- Are you running any other bandwidth-intensive applications on your computer like Outlook, Skype or other Internet downloads? Try shutting down other applications while watching CBC videos.
- If there are other people using your Internet connection check to see if they are using any bandwidth-intensive operations. If so, you may want to pause these applications while watching CBC videos.
- Perform a Speed Test. This can be accomplished by going here. Once there, click on the yellow star or the closest blue star to your geographical region. If your download speed is less than 10 Mb/s then your bandwidth is fairly limited. You may want to consider contacting your ISP for solutions on increasing your connection speed.
- Perform a traceroute. This can be accomplished by following the directions here. If you receive an output with 13 or more hops, the problem is most likely related to how your ISP is routing your computer's requests. Try contacting your ISP's support desk to request help.
Video is choppy or stuttering but the audio is alright
- This is most likely an issue with your computer's hardware.
- First ensure that your system meets our minimum requirements as listed above.
- Check the CPU usage on your computer. To check this on Windows, right-click on your task bar, launch the Task Manager and go to the Performance tab. On a Mac, go to Applications, then Utilities and launch the Activity Monitor. If the CPU usage while watching CBC videos is above 50% (or 100% on Mac with a dual-core processor), try shutting down any applications that may be using your CPU.
- Occasionally, an incomplete copy of a video can get stuck in your cache and never fully download. You can re-attempt the download of the video by clearing your browser's cache. See how here.
The Video Player doesn't show up anymore (just a black box)
- Occasionally, we release new features and functions that may not be fully compatible with older versions of the Flash Player. Although we strive to be as backward-compatible as possible, in order to keep moving our technology forward this is not always possible. If you are no longer able to see the player, or see a black box in it's place, please update your Flash Player to the most recent possible. It's also not a bad idea to make sure you're using the latest version of your browser. (see Minimum System Requirements).
I'm on a Mac and I can't see a Live Stream
- There is a known compatibility issue between some Mac video hardware and some versions of Adobe player. This manifests itself in an inability for the hardware to properly process live video streams. Unfortunately this problem is out of our hands and will only go away when Adobe and/or Mac invests in a fix. We suggest updating your Flash Player and/or browser version frequently to take advantage of any fix that may come through the pipe. (see Minimum System Requirements).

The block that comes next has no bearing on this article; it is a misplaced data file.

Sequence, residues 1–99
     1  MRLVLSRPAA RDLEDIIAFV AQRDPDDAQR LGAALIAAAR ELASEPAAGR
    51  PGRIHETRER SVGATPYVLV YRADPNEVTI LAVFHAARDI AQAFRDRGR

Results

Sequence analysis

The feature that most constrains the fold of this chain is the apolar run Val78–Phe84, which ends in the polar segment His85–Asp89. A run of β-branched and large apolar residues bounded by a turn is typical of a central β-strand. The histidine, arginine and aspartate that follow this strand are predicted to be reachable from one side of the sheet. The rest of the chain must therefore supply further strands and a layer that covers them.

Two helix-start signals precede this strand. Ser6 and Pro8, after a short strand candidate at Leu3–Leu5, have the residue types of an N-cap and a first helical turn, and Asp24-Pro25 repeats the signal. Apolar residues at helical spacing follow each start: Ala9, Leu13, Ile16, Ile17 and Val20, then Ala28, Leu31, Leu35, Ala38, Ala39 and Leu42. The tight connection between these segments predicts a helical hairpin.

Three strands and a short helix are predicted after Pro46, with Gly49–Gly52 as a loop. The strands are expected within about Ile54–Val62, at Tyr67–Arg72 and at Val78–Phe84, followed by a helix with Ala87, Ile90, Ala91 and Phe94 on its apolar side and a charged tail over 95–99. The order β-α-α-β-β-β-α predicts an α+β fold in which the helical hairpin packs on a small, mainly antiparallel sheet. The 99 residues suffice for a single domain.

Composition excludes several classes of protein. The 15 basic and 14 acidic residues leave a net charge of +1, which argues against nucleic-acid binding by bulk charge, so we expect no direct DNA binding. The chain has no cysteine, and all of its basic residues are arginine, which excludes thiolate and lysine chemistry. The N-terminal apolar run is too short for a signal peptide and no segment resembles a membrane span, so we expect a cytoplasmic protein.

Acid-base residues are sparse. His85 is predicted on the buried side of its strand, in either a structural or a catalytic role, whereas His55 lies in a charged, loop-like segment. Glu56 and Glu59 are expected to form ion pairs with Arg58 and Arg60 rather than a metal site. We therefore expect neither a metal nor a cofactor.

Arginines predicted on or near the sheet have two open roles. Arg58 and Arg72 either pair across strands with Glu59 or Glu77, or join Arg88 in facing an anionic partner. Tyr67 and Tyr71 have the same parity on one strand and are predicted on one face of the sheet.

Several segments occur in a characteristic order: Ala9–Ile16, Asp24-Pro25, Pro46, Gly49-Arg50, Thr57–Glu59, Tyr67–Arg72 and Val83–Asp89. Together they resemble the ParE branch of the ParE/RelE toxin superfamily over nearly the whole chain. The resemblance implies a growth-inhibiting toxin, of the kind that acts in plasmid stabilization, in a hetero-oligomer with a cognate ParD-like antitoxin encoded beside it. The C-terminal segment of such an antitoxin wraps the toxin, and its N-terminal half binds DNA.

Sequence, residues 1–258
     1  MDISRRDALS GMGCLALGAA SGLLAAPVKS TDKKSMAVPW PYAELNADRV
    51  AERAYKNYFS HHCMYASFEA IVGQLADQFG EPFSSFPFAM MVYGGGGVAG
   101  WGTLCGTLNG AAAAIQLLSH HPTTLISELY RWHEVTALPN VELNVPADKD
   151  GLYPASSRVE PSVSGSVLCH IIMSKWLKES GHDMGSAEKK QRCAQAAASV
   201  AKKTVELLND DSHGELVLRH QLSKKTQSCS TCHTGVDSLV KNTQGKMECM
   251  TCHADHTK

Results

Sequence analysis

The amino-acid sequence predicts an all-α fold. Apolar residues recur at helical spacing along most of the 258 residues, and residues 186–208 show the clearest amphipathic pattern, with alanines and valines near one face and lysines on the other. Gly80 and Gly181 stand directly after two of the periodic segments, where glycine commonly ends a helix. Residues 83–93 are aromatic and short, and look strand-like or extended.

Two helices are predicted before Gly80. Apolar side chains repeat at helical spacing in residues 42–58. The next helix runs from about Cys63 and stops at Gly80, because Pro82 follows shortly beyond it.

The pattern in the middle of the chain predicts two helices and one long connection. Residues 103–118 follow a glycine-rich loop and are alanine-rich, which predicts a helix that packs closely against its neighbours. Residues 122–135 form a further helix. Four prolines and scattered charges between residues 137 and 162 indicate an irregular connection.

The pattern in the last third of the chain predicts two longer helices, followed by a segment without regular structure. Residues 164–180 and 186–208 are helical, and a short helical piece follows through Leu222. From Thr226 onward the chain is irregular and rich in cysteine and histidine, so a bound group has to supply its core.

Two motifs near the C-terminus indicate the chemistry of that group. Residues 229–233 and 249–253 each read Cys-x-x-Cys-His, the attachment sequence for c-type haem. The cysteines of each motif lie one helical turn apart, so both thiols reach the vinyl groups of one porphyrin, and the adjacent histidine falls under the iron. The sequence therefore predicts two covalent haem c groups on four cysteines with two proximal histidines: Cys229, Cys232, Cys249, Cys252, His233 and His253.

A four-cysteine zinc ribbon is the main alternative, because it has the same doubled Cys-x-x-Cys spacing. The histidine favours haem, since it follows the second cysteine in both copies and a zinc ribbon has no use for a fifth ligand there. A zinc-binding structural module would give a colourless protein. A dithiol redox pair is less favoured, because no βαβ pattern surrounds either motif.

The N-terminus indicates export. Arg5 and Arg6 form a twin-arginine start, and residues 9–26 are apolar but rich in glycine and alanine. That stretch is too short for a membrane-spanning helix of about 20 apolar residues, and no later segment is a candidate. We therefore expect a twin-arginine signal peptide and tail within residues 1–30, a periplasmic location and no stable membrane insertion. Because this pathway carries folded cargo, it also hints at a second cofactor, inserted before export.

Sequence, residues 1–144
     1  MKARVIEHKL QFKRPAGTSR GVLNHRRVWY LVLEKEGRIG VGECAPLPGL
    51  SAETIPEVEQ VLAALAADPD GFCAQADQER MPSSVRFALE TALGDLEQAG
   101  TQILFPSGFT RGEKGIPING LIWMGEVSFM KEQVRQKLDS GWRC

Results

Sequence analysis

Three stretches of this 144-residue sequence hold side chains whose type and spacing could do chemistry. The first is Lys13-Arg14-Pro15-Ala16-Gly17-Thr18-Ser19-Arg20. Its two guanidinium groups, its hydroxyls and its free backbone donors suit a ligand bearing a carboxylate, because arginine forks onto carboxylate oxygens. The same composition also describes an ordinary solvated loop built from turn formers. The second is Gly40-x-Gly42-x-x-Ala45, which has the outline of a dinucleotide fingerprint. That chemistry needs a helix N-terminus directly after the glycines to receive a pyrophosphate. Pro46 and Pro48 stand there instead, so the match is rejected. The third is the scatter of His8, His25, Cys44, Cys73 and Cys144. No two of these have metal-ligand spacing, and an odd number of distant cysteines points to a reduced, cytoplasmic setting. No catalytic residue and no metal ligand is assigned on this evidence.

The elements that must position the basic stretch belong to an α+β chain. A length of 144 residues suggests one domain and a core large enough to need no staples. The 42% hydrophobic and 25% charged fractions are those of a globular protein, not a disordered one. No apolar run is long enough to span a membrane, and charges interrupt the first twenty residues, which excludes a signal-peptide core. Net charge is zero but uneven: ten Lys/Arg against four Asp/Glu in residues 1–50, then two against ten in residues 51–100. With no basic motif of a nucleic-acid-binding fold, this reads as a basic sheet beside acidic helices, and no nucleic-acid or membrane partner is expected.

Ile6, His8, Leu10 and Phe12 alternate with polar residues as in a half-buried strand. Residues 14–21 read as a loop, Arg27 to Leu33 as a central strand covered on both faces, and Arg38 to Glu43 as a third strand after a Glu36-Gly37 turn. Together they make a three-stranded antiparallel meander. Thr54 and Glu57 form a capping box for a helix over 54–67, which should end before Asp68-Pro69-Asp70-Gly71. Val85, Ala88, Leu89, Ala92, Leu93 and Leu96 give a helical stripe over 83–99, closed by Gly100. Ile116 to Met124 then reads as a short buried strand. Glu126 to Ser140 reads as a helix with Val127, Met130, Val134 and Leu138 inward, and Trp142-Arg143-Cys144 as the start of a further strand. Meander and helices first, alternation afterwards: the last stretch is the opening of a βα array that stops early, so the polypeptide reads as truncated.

The player says I'm outside of Canada
- Our distribution license for some content is restricted to certain regions. If you reside outside of Canada and are seeing this message it means that we are unfortunately prevented from distributing it to you.
- Very occasionally, however, our video system will mistake a geographic location and block valid users from watching video. Usually these outages only last a few minutes, so it's suggested that you try again after a short wait.
- If you're still being blocked from viewing content you may want to check your IP address to make sure that it's being recognized as a Canadian address. You can get your IP address here and test it here.
- If your IP address checks out and you're still being prevented from viewing content please contact us.
A friend sent me a link to a specific video, but it doesn't work
- Some of our content is only available for a certain amount of time, it's possible that your friend's video has expired.
Why does my browser generate security alerts when I'm on the CBC video page?
Ad Blocking Software
- You may have unpredictable playback when using ad blocking software or browser plugins. We recommend turning off any unnecessary software or plugins that may affect your experience.
I'm still having problems watching video on CBC. Do you have any other tips?
- It's highly recommended that you upgrade to the latest version of the Flash plugin. To check if you're currently running the latest version go here. Flash is a widely used plug-in and can be downloaded and installed here.
- Although rare, our servers do occasionally experience short glitches. It's worth trying back again after a short break.
- Scan your computer for viruses, adware, malware, spyware or any other potentially damaging programs.
- Turn off any unnecessary browser plugins, including ad blocking software.
- Make sure you're not using a proxy server. You can verify this here.
- Avoid using accelerator programs, such as Google Web Accelerator.
- If you're in an office environment verify that your system administrator isn't blocking CBC.ca or any other related sites.
- Avoid using remote desktop software.